Learning losses resulting from school closures are among the most severe global challenges to medium- and long-term recovery from COVID-19. School closures caused millions of children across the globe to significantly miss out on the academic learning, with younger and more marginalized children likely facing the most significant losses. The United Nations (UN) estimated that the COVID-19 pandemic already wiped out 20 years of educational gains. Across the world, according to a UNICEF 2020 report, one in three children missed out on remote learning when COVID-19 forced schools to close.
The magnitude of learning losses experienced across countries is also likely unequal. Some estimates suggest that closures in the first two years of the pandemic lasted roughly twice as long in developing countries compared with more advanced economies.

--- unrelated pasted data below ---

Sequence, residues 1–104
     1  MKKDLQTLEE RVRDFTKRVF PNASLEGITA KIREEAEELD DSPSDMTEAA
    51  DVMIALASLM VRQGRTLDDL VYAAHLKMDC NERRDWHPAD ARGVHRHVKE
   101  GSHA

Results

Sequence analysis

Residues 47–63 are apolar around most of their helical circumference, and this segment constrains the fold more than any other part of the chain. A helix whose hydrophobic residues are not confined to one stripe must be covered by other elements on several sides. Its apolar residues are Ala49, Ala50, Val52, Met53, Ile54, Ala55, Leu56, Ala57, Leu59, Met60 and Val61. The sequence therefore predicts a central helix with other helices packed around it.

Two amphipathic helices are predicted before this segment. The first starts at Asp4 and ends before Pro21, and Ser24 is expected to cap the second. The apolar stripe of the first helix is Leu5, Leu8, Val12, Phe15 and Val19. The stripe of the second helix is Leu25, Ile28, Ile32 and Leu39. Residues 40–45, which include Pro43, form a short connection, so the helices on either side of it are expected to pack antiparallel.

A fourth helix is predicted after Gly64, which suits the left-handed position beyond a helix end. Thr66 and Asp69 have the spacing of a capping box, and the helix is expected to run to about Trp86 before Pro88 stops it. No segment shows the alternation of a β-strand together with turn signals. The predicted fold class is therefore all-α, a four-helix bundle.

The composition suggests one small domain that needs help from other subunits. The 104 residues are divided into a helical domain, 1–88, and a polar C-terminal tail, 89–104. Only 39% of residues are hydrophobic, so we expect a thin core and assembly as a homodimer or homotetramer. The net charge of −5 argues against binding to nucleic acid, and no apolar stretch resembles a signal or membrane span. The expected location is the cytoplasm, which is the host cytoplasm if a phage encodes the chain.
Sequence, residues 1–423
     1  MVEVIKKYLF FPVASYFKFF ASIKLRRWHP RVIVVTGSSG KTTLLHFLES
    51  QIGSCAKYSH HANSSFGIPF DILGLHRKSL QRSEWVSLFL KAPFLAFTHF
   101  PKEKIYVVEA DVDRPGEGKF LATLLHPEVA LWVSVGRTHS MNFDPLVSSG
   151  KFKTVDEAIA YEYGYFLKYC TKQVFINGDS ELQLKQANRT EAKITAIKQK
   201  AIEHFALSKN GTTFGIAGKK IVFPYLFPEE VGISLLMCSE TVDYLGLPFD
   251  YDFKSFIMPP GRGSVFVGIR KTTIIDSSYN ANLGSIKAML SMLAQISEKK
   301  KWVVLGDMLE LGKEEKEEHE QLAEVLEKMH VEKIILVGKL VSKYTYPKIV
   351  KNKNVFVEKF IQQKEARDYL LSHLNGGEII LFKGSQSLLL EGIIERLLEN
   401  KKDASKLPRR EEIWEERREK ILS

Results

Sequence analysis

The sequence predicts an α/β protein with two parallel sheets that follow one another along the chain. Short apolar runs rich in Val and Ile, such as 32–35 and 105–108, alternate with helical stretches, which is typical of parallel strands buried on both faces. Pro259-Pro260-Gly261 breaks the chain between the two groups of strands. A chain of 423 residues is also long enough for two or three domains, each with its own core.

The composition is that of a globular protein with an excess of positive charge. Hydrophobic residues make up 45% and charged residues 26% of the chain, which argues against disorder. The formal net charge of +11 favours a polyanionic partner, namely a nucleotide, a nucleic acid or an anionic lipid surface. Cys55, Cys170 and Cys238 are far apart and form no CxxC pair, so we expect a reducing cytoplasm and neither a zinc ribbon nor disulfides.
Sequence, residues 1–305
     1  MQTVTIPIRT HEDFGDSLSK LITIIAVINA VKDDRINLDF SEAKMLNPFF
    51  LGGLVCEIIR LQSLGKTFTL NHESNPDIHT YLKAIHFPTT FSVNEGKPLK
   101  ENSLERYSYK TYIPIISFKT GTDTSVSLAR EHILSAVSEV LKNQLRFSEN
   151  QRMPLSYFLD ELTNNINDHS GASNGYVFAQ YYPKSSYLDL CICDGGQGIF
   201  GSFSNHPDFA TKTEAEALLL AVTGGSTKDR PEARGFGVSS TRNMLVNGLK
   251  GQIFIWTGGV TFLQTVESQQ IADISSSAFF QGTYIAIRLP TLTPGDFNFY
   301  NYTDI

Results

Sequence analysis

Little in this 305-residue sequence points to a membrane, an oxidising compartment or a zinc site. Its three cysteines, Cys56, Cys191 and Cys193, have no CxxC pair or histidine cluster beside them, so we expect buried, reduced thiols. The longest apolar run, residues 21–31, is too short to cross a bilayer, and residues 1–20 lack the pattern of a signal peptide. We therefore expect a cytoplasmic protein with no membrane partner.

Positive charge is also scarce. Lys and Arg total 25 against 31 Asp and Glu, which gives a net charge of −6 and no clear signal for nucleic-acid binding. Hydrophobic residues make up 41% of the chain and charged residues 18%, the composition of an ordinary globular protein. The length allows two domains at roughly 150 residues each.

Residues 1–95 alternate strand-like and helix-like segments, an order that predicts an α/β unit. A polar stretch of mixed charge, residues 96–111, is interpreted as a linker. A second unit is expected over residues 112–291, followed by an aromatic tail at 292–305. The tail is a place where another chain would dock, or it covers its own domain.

In Bangladesh, schools closed on the 17th of March 2020 impacting millions of children across the country. In September 2021, schools in Bangladesh re-opened after an 18-month closure. Around 37 million children in the country had their learning disrupted by one of the world's longest school closures. Classes partially resumed for many graders but shut down again in January this year in response to surge in Covid-19 case numbers, with offline classes resuming fully only in February 2022.
In the light of the extended school closures in Bangladesh due to the Covid-19 pandemic, we observed that students experienced significant learning loss. Studies have demonstrated that most students didn't benefit from the distant-mode TV and online lessons. The situation appears even grimmer for students in rural and backward areas.